On Complexity, Awareness, and Social Action
March 8, 2012 6 Comments
I’m an ethicist. I make a living exploring moral ambiguity and the complexity of social issues. I try and teach my students to live in a gray rather than a black and white world. My vocation includes pushing against too easy analyses of social problems that oversimplify complex issues and, thus, misdiagnosis both the causes and solutions of such issues.
I’m also an activist. I want to make change happen. I desire a more just and peaceful world and know that creating that kind of world requires that I and others do something. Change requires action. However, we all know that well-intentioned action can be ill-informed and create changes for the worse rather than better.
Finally, I’m married to a nonprofit marketing professional. She has taught me much about how people think. And one hard and fast rule of nonprofit marketing is that people support causes, by donating time or money, on a greater basis when they can connect with the story of one person rather than with statistics and policy papers. Look, people are, generally speaking, more motivated by emotion than by reason. Simple analyses and simple solutions mobilize masses of people quicker than complexity and moral ambiguity. This is how we are wired. Most people simply can’t live in the gray.
I’ve recently had multiple conversations on these issues. One theme consistently raised by my students this semester is that social analysis can become so complex, and never-ending, that it can become paralyzing. One can quickly feel the desire to “throw one’s hands up” and do nothing because determining the right thing to do can be so difficult. However, the more they’ve used the tools of social analysis they’ve also become convinced that simple analyses don’t usually lead to long-term change for the better.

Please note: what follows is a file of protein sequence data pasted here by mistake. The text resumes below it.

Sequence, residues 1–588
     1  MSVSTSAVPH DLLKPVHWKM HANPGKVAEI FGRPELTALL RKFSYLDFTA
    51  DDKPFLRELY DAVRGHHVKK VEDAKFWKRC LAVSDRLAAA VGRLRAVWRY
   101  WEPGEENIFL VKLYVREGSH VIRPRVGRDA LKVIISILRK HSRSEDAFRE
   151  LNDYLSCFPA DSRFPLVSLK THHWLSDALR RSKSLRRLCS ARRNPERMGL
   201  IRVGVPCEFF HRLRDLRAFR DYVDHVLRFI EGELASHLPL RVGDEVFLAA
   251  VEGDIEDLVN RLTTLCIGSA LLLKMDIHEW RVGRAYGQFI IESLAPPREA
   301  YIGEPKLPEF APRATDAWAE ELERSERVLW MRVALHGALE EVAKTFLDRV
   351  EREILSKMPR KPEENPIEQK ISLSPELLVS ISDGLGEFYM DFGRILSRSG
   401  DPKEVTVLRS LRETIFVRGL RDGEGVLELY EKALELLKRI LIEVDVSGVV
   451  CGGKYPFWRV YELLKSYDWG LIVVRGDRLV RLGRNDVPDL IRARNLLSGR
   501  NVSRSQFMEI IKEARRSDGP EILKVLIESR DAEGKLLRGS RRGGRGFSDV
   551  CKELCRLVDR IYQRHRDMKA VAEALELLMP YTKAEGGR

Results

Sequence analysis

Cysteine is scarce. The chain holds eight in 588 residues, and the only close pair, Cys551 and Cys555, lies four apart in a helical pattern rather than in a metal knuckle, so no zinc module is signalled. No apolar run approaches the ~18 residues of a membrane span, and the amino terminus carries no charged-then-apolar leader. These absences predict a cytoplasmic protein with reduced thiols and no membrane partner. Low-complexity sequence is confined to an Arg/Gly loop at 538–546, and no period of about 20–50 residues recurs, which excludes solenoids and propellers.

Two days ago I had a twitter conversation with an NGO worker who said,
Yesterday I had multiple conversations lamenting the complexity of the new campaign, “Kony2012,” by Invisible Children. And there were other vehement responses to the multiple criticisms of the campaign that were more vehemently angry at people raising questions. They accused people of being jealous of Invisible Children’s success, being haters, and encouraged them to “just do good and shut up.”
See, if Invisible Children is good at anything they are good at simplifying a complex social situation in such a way as to mobilize people, especially young adults. Their most recent campaign is a case study in telling a compelling story that encourages people to become a part of the story rather than spouting facts and figures that only experts have the time to digest. This is not a criticism – they are quite skilled in mobilizing people. It is still to be seen if they will mobilize people to do more than share links to a video on twitter and facebook, but I don’t see why they won’t have masses of people papering the streets with photos of Joseph Kony on April 20.